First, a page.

And then there’s the women’s clothing store where I bought a couple things for myself in early December. Things I really liked. A lot. Happy birthday to me! And I’d shop there again. Maybe next December, on my next birthday. Except . . . I’m starting to fucking hate you because you’ve sent me an email EVERY SINGLE DAY since then, telling me about the latest INCREDIBLE SALE you’re having. Every. Damn. Day. That reeks of desperation. What are you thinking? I don’t even read them anymore before I hit the delete button.
And then there’s all the stuff I click on and look at on the internet that’s a result of research for writing. Or idle curiosity. Or boredom. Someone mentions a pretty necklace or a cute pair of shoes, I go look. I’m not shopping, for godsakes. I hate shoes and most jewelry makes me twitch. I’m procras– um, I’m trying (and failing) to see the attraction.
Or maybe someone used an obscure word in an article and suddenly I’m not sure I remember the precise meaning, given the way it was used (glaringly). So I google it. Because, as a writer, precise meaning is important to me (even if it isn’t to others). That does not mean I want to see six months of ads for the stupid thing.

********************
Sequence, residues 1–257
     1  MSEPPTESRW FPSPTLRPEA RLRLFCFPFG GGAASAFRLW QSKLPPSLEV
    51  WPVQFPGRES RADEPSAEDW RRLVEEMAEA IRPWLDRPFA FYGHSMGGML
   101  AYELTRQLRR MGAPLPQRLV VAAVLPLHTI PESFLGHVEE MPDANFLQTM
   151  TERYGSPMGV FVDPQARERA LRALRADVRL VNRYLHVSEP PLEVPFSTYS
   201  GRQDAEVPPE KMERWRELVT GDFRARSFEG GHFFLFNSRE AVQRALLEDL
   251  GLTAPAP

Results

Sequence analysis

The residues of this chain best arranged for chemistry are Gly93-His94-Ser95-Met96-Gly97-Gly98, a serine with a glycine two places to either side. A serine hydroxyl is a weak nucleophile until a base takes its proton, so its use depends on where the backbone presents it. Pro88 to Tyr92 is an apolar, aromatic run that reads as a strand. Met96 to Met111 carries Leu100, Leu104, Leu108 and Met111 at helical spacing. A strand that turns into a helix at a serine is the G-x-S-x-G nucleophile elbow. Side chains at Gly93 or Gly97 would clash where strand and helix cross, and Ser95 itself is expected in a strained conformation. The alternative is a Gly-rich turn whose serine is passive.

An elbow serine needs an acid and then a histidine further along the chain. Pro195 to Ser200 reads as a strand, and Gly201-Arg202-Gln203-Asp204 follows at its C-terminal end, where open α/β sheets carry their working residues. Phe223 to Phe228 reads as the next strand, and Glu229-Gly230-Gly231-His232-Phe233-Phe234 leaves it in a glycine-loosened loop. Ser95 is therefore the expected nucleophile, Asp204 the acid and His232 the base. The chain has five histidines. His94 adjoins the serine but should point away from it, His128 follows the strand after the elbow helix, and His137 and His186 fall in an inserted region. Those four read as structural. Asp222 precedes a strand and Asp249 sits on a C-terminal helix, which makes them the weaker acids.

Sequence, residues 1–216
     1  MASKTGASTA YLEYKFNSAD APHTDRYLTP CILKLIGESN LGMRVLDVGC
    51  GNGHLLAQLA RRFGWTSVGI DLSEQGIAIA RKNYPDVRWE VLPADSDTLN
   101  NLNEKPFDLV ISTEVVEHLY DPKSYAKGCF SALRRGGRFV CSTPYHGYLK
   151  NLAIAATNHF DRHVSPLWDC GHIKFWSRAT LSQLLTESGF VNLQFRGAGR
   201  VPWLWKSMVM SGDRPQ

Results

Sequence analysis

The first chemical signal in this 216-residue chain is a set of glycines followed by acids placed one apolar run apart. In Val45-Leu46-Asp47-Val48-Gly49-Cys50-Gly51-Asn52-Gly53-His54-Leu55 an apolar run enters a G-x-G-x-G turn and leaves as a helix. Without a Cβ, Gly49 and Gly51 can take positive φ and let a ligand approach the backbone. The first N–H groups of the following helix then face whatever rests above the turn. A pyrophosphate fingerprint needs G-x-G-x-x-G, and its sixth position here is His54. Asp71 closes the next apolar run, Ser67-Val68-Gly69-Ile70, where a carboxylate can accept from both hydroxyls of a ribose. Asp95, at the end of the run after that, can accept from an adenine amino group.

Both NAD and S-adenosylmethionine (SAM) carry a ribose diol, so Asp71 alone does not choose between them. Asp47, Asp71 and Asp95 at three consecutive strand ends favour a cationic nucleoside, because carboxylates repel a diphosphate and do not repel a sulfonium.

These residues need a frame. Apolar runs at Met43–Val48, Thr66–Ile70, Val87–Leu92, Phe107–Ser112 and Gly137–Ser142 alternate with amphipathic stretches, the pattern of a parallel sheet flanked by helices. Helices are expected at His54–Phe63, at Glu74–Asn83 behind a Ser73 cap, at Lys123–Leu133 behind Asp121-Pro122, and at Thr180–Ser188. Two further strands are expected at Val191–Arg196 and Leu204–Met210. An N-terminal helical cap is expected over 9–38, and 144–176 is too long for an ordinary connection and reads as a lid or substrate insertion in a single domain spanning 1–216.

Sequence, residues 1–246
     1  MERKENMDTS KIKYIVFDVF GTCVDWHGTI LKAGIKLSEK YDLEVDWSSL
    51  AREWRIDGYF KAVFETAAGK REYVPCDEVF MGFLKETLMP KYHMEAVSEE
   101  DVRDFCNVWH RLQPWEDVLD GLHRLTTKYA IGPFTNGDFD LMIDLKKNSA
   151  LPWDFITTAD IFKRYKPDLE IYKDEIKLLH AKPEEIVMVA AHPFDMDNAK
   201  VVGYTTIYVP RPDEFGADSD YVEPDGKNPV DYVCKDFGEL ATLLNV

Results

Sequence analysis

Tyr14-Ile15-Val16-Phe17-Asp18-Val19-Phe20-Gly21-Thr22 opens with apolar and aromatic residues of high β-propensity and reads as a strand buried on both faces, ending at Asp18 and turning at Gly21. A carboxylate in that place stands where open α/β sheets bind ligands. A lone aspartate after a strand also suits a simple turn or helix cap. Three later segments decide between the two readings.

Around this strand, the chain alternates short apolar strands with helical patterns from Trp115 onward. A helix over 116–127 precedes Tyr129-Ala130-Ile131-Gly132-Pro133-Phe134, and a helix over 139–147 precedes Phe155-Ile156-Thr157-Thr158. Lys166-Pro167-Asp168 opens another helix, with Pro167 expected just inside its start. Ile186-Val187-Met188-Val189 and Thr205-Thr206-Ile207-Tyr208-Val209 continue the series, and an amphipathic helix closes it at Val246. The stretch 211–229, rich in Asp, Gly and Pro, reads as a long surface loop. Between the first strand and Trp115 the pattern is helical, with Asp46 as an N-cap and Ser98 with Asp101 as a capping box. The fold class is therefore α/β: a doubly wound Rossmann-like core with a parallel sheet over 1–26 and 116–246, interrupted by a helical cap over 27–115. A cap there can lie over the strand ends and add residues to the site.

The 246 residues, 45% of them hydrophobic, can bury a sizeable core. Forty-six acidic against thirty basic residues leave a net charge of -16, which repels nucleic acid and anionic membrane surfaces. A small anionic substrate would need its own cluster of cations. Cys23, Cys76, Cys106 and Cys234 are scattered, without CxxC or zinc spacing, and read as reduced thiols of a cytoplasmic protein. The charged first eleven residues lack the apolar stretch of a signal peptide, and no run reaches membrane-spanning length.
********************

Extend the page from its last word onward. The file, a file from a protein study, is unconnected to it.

Yes, I know, I could get rid of much of this nonsense by erasing my history or deleting my cookies or opting out of email. But I don’t want to. As irritating as it is, it’s fascinating to watch companies getting it so very wrong. Like an epic train wreck of grossly ineffective high-tech stalkery.
So I’m delighted and cautiously optimistic about Google’s intention to pay closer attention. I hope they’ll realize that I’m interested in damn near everything. And that they won’t start limiting my searches to things I’ve already seen. Maybe they’ll even realize that until they start asking me what I think about the things I’ve seen, the meaning of a website click is not necessarily what they have so far assumed it to be.
Sooner or later, someone is going to figure out how to do it right. And that doing it right means no restrictions. No pre-determined preferences. No narrowing of boundaries. Because my curiosity and capacity for procras– um, thirst for knowledge are limitless and far more diverse than any search engine or marketing department could ever imagine.
In fact, I’m waiting for the search engine that knows me so well, they’ve discovered I’m a writer. Perhaps they’ll contact me to say, “We noticed that last month you were searching for articles about undetectable fatal poisons — frankly we’re a bit disturbed by that, but we know you’re a writer so we’re trying to stay calm and not contact the authorities, but still, please don’t ever invite us over for lunch — and thought you might be interested to know there have been two new articles on that topic published since then and here are the links.” Because that would be awesome. Also, helpful.
And maybe, eventually, some company will send me an email saying, “Hey, we noticed you’re a writer! We bought your book and read it and loved it so much, we bought copies for all of our employees and our mom too!”
I’m telling you, THAT company will have gained a loyal customer for life. I don’t even care if all they sell are Italian cookbooks.